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Archetypal Criticism

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Jeffrey Wang

on 17 January 2015

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Transcript of Archetypal Criticism

With this happy ending, the
Hero may not want to return
to his regular world
Something can
prevent his return
The Antagonist
Carl Jung
Psychologist who founded
analytical psychology
James George Frazer
did not firstly have a basis in literature
Where did archetypal criticism come from?
So archetypal criticism is...
Archetypal critics
look at literature as a whole
find the archetypes (patterns) within it
So...give us an example...
What the heck is archetypal criticism?
Literary criticism (feminist, psychoanalysis...)
Archetypal Criticism
There are many different types of archetypes
Focuses on the
patterns in literature
These patterns are what we call
Thematic Archetypes
Character Archetypes
Situational/Plot Archetypes
Symbolic Archetypes
Setting Archetypes
Patterns in literature
Ally Archetype
Mentor Archetype
apply these archetypes to individual books
analyze how they're used and their purpose
From archetypes they can
gain a better understanding of the text
Stemmed from
anthropology and psychology
Three key theorists:
James George Frazer, Carl Jung and Northrop Frye
comparative mythology
across cultures
Found many similarities
between the world's mythologies
The Golden Bough
the death-rebirth myth
We spin the same stories our primitive ancestors shared over the tribal fire, only with changed settings and costumes.
Took Frazer's findings and explained
there were many shared beliefs
Proposed the idea of the
collective unconscious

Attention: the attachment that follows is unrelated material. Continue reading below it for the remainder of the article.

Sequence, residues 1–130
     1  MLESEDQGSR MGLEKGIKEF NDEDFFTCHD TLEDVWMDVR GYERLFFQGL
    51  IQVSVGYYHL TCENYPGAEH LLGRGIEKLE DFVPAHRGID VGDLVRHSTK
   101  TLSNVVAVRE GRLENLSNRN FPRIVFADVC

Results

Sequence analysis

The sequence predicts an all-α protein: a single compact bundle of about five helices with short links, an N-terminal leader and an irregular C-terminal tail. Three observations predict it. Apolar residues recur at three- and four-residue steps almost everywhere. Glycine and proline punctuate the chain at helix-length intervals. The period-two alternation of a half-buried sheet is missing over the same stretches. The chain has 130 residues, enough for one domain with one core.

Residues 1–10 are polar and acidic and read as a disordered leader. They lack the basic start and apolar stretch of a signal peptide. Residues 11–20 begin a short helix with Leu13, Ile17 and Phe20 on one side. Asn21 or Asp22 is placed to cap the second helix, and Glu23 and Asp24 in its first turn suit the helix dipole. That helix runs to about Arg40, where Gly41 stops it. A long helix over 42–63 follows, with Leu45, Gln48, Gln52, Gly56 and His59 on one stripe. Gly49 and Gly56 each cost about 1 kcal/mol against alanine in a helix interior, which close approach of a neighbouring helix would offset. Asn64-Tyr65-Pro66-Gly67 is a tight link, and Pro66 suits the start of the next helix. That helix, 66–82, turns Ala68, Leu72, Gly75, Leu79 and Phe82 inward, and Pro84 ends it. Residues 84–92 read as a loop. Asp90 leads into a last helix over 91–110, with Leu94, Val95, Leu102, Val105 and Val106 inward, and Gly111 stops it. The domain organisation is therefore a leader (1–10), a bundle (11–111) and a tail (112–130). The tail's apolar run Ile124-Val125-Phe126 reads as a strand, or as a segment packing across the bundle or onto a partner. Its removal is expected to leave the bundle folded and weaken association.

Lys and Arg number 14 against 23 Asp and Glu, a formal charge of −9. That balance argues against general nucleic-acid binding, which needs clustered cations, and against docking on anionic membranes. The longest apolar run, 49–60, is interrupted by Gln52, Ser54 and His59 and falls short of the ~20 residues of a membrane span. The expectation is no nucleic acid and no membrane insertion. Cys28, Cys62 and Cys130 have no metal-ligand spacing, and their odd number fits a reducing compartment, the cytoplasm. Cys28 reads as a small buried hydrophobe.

Collective Unconscious
The collective unconscious is the
the set of innate thoughts, feelings, instincts, and memories
that reside in the unconsciousness of
Comes from
the memories and experiences of our ancestors
As humans spread out,
the collective unconscious manifested in their myths
What does that have to do with archetypes?
Collective Unconscious
Innate thoughts, feelings, instincts
Recurring images/symbols/themes
Recurring images/symbols/ideas/etc...
"The collective unconscious manifested in their myths"
Myths harbor many archetypes which are manifestations of the collective unconscious
Jung coined the term "
Why myths?
Myths in primitive times were an amalgamation of
explaining phenomena
teaching social conventions
expressions of the inner psyche
metaphors for their desires
collective unconscious
What does this have to do with English?!
Northrop Frye
Fellow Canadian
Connected Carl Jung's ideas with
Anatomy of Criticism
Anatomy of Criticism
An important text in archetypal criticism
Big idea =
all stories are "displaced" myths
follows the patterns of myths
The archetypes in mythology are
directly translated into literature
Religious Element of Myth